Process improvement for behavioral health

Checklist to help detect diversion and misuse while in treatment 1

Practice Explanation/examples
  • Define diversion and misuse with each patient
  • Ask patient to give examples of each from their experience with illicit drug use
  • Discuss potential triggers for each patient
  • Develop strategies to combat these behaviors
  • Follow up at each visit about occurrences or close calls of medication diversion and misuse, just as with use of illicit opioid of choice
  • Discuss openly throughout treatment
  • Non-healing or fresh track marks or intranasal erythema may indicate buprenorphine injection or intranasal use, respectively, or that other substances are being misused whereby the medication could be sold/traded for the opioid of choice.
  • Lack of objective signs of opioid withdrawal despite patient report of severe withdrawal
  • Repeated requests for early refills due to various reasons: lost, stolen, or washed (forgot to take out of clothing) medications
  • Missing appointments
  • Incorrect medication tablet film/counts
  • Urine test with absence of buprenorphine and/or norbuprenorphine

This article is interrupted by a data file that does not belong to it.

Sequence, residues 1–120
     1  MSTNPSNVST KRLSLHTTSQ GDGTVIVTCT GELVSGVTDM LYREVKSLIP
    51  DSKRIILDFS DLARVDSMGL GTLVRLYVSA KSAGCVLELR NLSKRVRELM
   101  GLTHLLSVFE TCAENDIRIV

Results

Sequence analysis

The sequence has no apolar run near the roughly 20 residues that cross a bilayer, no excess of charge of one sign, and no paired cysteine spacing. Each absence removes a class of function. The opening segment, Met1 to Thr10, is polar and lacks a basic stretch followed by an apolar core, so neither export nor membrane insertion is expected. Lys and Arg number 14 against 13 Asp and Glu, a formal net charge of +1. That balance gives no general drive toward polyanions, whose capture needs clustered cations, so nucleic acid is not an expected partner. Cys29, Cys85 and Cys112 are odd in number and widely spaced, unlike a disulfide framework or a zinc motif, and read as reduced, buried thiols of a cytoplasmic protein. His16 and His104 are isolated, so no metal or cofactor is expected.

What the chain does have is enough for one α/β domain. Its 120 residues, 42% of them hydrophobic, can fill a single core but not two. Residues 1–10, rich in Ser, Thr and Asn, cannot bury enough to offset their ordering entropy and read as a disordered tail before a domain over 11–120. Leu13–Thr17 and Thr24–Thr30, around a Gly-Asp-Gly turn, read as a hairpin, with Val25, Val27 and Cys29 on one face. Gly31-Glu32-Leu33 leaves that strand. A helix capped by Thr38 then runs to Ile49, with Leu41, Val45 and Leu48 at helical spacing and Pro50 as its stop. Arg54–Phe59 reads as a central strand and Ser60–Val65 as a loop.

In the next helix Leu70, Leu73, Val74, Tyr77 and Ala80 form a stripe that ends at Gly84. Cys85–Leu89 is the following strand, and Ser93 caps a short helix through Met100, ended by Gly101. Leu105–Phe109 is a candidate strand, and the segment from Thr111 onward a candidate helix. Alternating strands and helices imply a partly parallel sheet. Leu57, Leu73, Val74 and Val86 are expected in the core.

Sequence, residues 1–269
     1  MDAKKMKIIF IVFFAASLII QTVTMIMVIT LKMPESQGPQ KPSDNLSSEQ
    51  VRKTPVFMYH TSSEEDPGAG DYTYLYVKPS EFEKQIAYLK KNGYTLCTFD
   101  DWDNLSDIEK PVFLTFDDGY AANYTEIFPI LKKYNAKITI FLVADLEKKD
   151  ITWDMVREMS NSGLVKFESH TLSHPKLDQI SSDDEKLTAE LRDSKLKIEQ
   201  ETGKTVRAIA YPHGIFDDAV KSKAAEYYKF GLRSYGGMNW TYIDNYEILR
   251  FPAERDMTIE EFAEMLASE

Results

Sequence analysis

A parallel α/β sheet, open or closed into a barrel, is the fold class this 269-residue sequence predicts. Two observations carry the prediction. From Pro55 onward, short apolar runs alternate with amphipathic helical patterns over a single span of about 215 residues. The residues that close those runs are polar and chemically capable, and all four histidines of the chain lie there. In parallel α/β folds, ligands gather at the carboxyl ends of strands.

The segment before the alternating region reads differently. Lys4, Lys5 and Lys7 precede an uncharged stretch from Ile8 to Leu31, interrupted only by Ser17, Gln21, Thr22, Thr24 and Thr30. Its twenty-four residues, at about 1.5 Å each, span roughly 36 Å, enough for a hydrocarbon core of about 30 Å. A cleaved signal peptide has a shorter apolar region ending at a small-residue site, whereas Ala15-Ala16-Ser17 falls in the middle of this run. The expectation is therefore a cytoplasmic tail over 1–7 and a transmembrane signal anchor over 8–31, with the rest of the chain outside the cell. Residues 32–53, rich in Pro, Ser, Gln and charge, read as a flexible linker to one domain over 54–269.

• Unexpected medical problems for a patient believed to be in recovery (e.g., abscesses)
  • State prescription monitoring reports showing ongoing receipt of prescription opioids or other controlled substances that the patient denied being prescribed, and / or multiple prescriptions from different OBOT providers over the same period.
  • Feedback from pharmacist about unusual behavior from patient, such as appearing intoxicated or being accompanied by someone who appears to be overly interested in the medication; exchange of something in parking lot or waiting area.
  • Counselor and family members who are not currently addicted and who have the patient’s best interest in mind report patient contact with old drug-using friends or non-adherence with medication if they are supervising ingestion.


Updated 10/16/20


1 Lofwall, M. R., & Walsh, S. L. (2013). A review of buprenorphine diversion and misuse: the current evidence base and experiences from around the world. Journal of addiction medicine8(5), 315-326